Apprenticeships are an increasingly important part of Fletcher’s growth strategy, with opportunities to offer valuable work experience in a commercial organisation at the heart of the firm’s ambitions.
The apprenticeships that Fletchers offer are a type of work-based training; combining training and real work.
They are available to people of all ages, not just 16-19-year-olds and are often an alternative to further education or college.
With a Fletcher’s apprenticeship, individuals will have a job within the industry that they want to be in and will earn throughout the process.
Jon Hocker, Learning and Development Advisor, is proud to promote the fact that Fletchers aren’t just offering apprenticeships starts for prospective lawyers.
Jon said: “I am to support all team members across Fletchers, regardless of the line of work they’re in. Currently and historically we support finance, I.T. and Business Admin, but there are other areas of Fletchers I would like to explore further, such as management and higher level I.T. apprenticeships.”
One of Fletchers’ current non-legal apprentices is Jack Pounder.
Jack started his apprenticeship journey when he joined Fletchers on work experience whilst studying his Business and Enterprise Level 3 at Southport College.
Early on, Jack’s positive attitude and ability was recognised and he was encouraged to apply for a Fletcher’s Business and Admin apprenticeship.
He said: “There’s a real friendly feel here. It’s a good environment and so welcoming.
“I feel like Fletchers has set me up for a better future.”
Jack Pounder is reaping the rewards of being a Fletcher’s non-legal apprentice
One of the major bonuses for choosing an apprenticeship is the fact you earn while you learn.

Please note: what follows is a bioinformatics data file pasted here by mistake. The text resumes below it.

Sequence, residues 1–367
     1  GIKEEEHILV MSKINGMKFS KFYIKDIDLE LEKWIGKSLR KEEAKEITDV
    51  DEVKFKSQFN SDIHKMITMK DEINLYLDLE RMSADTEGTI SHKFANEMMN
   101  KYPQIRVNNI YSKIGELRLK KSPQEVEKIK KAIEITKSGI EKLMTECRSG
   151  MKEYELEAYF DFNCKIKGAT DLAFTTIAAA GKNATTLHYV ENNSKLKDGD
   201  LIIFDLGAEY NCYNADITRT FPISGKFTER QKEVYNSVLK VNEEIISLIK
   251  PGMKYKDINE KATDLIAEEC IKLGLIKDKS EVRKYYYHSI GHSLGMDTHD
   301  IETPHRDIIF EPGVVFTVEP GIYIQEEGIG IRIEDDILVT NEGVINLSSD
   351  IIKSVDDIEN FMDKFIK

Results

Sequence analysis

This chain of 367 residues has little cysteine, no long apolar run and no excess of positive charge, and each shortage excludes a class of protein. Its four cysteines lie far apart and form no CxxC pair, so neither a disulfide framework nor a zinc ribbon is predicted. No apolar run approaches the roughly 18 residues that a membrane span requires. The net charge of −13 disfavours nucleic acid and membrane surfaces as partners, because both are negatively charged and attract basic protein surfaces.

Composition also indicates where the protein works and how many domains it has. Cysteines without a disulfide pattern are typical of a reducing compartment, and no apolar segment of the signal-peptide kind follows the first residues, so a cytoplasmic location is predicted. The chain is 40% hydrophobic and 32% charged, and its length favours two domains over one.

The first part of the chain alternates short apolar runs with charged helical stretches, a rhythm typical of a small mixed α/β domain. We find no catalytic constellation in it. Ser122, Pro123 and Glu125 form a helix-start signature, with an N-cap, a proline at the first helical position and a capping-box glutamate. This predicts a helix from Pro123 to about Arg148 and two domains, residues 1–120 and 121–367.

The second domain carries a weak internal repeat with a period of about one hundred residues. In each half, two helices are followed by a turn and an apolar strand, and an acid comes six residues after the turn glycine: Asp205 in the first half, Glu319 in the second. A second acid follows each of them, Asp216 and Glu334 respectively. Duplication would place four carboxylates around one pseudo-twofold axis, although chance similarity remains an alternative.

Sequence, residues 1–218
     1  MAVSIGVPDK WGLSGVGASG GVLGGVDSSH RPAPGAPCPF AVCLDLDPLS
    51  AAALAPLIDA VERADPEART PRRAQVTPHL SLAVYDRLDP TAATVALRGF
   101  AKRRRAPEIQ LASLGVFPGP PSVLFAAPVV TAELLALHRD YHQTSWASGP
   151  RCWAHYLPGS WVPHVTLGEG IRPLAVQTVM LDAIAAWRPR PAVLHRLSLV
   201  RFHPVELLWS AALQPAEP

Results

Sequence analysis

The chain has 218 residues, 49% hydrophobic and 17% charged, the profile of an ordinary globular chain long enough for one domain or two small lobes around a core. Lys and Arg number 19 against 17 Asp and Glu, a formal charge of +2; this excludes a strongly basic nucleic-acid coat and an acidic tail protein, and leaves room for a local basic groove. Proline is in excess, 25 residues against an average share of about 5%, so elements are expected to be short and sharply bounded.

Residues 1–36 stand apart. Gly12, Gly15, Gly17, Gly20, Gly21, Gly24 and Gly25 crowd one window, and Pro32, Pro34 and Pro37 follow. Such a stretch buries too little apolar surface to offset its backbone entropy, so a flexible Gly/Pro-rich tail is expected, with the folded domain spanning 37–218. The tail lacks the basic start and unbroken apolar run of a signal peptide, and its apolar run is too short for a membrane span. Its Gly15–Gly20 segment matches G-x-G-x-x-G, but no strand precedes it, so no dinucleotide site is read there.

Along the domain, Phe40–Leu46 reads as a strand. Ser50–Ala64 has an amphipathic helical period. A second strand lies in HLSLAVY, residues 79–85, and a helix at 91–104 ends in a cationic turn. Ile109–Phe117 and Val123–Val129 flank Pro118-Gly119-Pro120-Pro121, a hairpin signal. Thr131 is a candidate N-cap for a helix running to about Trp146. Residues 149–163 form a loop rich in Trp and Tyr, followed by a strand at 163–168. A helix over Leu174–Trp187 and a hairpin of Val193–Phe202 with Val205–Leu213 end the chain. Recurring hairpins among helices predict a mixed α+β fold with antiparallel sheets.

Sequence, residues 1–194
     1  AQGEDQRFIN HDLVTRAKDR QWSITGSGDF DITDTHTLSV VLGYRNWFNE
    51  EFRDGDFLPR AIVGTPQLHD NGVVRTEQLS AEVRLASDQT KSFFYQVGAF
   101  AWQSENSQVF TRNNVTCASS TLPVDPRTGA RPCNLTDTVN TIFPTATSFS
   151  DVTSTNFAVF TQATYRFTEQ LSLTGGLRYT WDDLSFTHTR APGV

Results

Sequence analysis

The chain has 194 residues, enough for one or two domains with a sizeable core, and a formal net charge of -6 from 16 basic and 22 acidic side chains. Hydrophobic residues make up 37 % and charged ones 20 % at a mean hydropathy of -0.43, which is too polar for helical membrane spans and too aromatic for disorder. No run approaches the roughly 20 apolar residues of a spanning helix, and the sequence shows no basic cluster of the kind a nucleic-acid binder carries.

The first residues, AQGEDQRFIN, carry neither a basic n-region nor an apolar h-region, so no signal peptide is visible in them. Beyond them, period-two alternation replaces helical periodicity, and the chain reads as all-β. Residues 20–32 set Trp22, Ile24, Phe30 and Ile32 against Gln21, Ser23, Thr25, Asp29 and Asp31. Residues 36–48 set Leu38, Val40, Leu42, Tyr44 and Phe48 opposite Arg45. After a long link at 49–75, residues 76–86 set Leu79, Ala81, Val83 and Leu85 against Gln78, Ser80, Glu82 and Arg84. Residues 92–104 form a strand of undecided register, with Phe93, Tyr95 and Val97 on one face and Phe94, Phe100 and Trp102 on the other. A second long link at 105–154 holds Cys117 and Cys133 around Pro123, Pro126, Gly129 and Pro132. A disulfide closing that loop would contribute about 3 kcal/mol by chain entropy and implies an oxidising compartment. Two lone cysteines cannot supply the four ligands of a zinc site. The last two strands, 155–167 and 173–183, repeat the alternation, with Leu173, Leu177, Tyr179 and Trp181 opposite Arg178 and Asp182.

Ceri Dudley is currently undertaking her apprenticeship to become a Chartered Legal Executive in the Serious Injury team and she believes that as uncertainty around Brexit grows along with year-on-year inflation, what Fletchers can offer is a secure, economical way to learn your craft.
She said: “I would definitely recommend completing an apprenticeship route over the traditional legal route with the biggest benefit being of course, costs.
“The LPC is costly and this seems to be the routed pushed for future lawyers at university. The apprenticeship is a lot more cost-friendly and, as above, you have the chance to consider the legal profession from a business perspective also rather than a purely legal point of view. This, ultimately, assists to provide commercial awareness.”
Tech and online retail giant Amazon share Ceri’s logic.
They recently announced plans to launch 1000 UK-based apprenticeships by 2021 with a pay-scale ranging from an entry level salary of £9.50 – £10.50 an hour, up to £30,000 a year.
The apprenticeships will consist of nine programmes, lasting between 13 months and four years, across IT, software engineering, robotics, leadership and technology as well as safety and human resources.
Josh Whittam, who operates in the Court Protection Team, believes that the overall working experience his apprenticeship has given him has surpassed anything he ever imagined.
“My apprenticeship allows me to meet and work with some of the best lawyers in the business, building on everything I learn at University all whilst I earn a wage.
“By the time I am newly qualified, I will already have at least 5 years’ experience behind me meaning that I can then focus on becoming the best lawyer I can be rather than having to start learning how to be one.”
Josh Whittam with fellow legal apprentice, Bruce Wignall